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Year in Review

Cancer Journal Banner Homepage

A Year in Review: Memorial Hermann Cancer Centers’ 2016 Accomplishments

Letter from the Chairman

Emily RobinsonAs Chairman of Memorial Hermann’s Integrated Network Cancer Committee, I am pleased to present our 2016 Oncology Annual Report. The American College of Surgeons Commission on Cancer (CoC) has approximately 1,500 accredited hospitals in the United States and Puerto Rico, which represent only 30 percent of all healthcare institutions.

Approximately 70 percent of all newly diagnosed cancers are seen at these accredited institutions. The CoC accreditation demonstrates Memorial Hermann’s commitment to high-quality cancer care with concerted efforts and resources that span from prevention to survivorship and end-of-life care.

The Cancer Program at Memorial Hermann continues to grow and 2016 was an active year. Some of the accomplishments included:

  • Successful three-year Commission on Cancer reaccreditation with silver commendation;
  • Successful reaccreditation from the National Accreditation Program of Breast Centers at Greater Heights;
  • Publication of the Cancer Journal highlighting the oncology program at Memorial Hermann Health System;
  • Expanded oncology services with TIRR Memorial Hermann with new prehabilitative services, genetic services with UT, and community outreach screening and prevention program collaboration with local businesses;
  • Robust enrollment of patients into oncology-related clinical trials;
  • Growth in oncology volume year over year.

Our Cancer Program would not be successful without the support and enthusiasm of all the physicians, oncology nurses, and administrative staff who have graciously offered their time and talent to providing the best in cancer care.


Emily Robinson, M.D.
Chairman, Integrated Network Cancer Committee
Chairman, Texas Medical Center Cancer Committee

Letter from the Cancer Liaison Physician

Mike RatliffThe Memorial Hermann Health System is dedicated to providing outstanding care for cancer patients. We are accredited by two national organizations – the Commission on Cancer (CoC) and the National Accreditation Program of Breast Centers (NAPBC) – which underscores our commitment to the highest standards for comprehensive cancer care.

As the Cancer Liaison Physician (CLP) for Memorial Hermann Greater Heights and the Integrated Network Cancer Committee as a whole, my role is to monitor, interpret and provide updated reports of the program’s performance using the National Cancer Database (NCDB) with the intent of evaluating and improving the quality of patient care. Table 1 illustrates the exceptional oncology care that is provided within our Network. The liaison serves as the link between the hospital and the community, between national treatment standards and the hospital, and between the Cancer Committee and the various departments at Memorial Hermann. In disseminating data for the CoC quality measures, the end result is enabling discussion regarding best practices, evaluating compliance with national guidelines, encouraging participation in clinical trials and improving overall quality of care.


Mike Ratliff, M.D., F.A.C.S.
CLP, Integrated Network
Cancer Committee CLP, Memorial Hermann Greater Heights

 Table 1 Breast and Colorectal Measures

By the Numbers

By the numbers

Cancer Research at Memorial Hermann

Robert J. Amato Cancer is a constellation of more than 200 diseases, each of which requires a different treatment approach, underscoring the importance of translational research that implements a bench-to-bedside approach. From laboratory experiments through clinical trials to point-of-care patient applications, physician researchers affiliated with Memorial Hermann and McGovern Medical School at UTHealth are gathering knowledge that will result in new drugs, devices and treatment options for patients.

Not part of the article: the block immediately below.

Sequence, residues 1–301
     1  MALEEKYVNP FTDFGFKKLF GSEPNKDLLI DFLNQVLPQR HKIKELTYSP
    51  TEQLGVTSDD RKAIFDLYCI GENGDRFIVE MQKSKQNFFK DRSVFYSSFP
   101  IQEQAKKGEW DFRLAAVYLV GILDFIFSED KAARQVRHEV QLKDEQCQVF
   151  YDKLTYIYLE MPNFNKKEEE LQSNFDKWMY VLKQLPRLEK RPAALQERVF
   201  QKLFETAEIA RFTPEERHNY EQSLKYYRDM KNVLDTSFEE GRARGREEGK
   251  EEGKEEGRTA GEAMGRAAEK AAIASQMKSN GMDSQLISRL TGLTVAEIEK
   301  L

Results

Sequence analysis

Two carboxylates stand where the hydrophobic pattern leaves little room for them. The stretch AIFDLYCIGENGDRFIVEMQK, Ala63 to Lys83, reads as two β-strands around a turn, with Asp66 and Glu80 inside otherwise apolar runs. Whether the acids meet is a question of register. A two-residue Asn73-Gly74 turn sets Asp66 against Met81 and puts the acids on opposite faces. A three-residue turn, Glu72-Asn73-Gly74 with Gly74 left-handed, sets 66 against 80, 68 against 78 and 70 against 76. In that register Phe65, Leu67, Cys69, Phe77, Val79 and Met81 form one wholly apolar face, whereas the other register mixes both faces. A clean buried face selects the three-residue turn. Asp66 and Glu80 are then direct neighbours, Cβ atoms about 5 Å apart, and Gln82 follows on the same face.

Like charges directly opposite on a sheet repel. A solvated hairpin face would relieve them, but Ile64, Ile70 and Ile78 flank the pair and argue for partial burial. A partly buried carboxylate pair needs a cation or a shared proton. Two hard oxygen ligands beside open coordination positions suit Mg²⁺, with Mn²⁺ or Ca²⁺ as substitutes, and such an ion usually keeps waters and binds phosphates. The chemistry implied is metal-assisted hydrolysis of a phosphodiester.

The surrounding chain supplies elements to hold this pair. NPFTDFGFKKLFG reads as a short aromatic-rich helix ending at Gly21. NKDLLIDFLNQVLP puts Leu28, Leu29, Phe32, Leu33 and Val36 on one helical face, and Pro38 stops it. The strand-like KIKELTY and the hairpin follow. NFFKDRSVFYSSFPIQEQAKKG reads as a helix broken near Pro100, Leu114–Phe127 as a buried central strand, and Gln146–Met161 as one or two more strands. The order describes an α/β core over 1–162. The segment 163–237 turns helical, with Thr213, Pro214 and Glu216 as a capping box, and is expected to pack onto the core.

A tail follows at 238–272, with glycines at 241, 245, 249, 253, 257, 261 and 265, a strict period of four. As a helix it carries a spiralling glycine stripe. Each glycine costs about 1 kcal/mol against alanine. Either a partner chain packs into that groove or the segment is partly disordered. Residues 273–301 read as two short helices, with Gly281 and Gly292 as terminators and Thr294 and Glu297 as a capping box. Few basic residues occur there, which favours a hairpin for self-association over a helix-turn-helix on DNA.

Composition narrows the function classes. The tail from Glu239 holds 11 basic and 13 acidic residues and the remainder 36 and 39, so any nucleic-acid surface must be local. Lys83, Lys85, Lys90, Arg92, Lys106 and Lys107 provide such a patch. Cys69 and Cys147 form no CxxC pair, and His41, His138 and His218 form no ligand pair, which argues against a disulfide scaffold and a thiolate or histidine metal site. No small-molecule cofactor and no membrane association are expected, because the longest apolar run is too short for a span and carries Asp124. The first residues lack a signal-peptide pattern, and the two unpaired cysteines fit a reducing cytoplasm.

“In the last decade, clinicians and researchers at Memorial Hermann and UTHealth have moved from the sidelines to the frontlines of cancer research, with a more than hundredfold increase in oncology studies,” says Cheryl Chanaud, Ph.D., CCRP, vice president of clinical research for the Memorial Hermann Health System. “Our driving force is providing the best patient care and experience in a changing healthcare environment. The role of clinical research remains vitally important to the future of medicine. Our goal is to foster an environment supportive of innovative, high-quality research.”

Dr. Chanaud leads the Clinical Innovation & Research Institute (CIRI), which facilitates collaborative relationships between Memorial Hermann Health System, McGovern Medical School, private practice clinics and the community. CIRI fosters partnerships between clinicians, academicians, industry and public sectors to conduct and produce meaningful, quality research that benefits society. The Institute also serves as an advocate for study participants by creating an environment that supports good clinical practice in research.

Today, Memorial Hermann is the site for 141 active oncology research studies involving 3,788 patients. That number includes interventional clinical trials, registry studies that track outcomes, and tissue repository studies focused on the discovery of biomarkers that can predict clinical outcomes across a variety of treatments and patient populations.

Among the trials under way are three led by Robert J. Amato, D.O., professor for the division of Oncology at McGovern Medical School and chief of the division of Oncology at Memorial Hermann Cancer Center-Texas Medical Center.

The trials are designed to enumerate circulating tumor cells (CTCs) from whole blood in patients with genitourinary cancers – either prostate, bladder or kidney – using two systems that provide single-cell analysis of CTCs to examine tumor heterogeneity in cells linked to the metastatic spread of the disease.

“The circulation of malignant cells in the blood is a critical component of the metastatic process,” Dr. Amato says. “Identification and characterization of CTCs may provide important insights into the biology of metastasis and serve as critical tools for treatment management.

Tumor-specific somatic mutations may serve as predictive biomarkers of tumor response and also may be valuable in choosing appropriate treatments, benefiting cancer patients by maximizing therapeutic effectiveness and minimizing adverse drug reactions — the hallmark of personalized gene targeted cancer therapy.”

Joseph Lucci III, M.D., professor in the department of Obstetrics, Gynecology and Reproductive Sciences at McGovern Medical School, is site principal investigator of a trial of a new drug for women with relapsed ovarian cancer. To be eligible for the trial, patients must have responded to previous platinum-based chemotherapy and have a harmful mutation in either the BRCA1 or BRCA2 gene.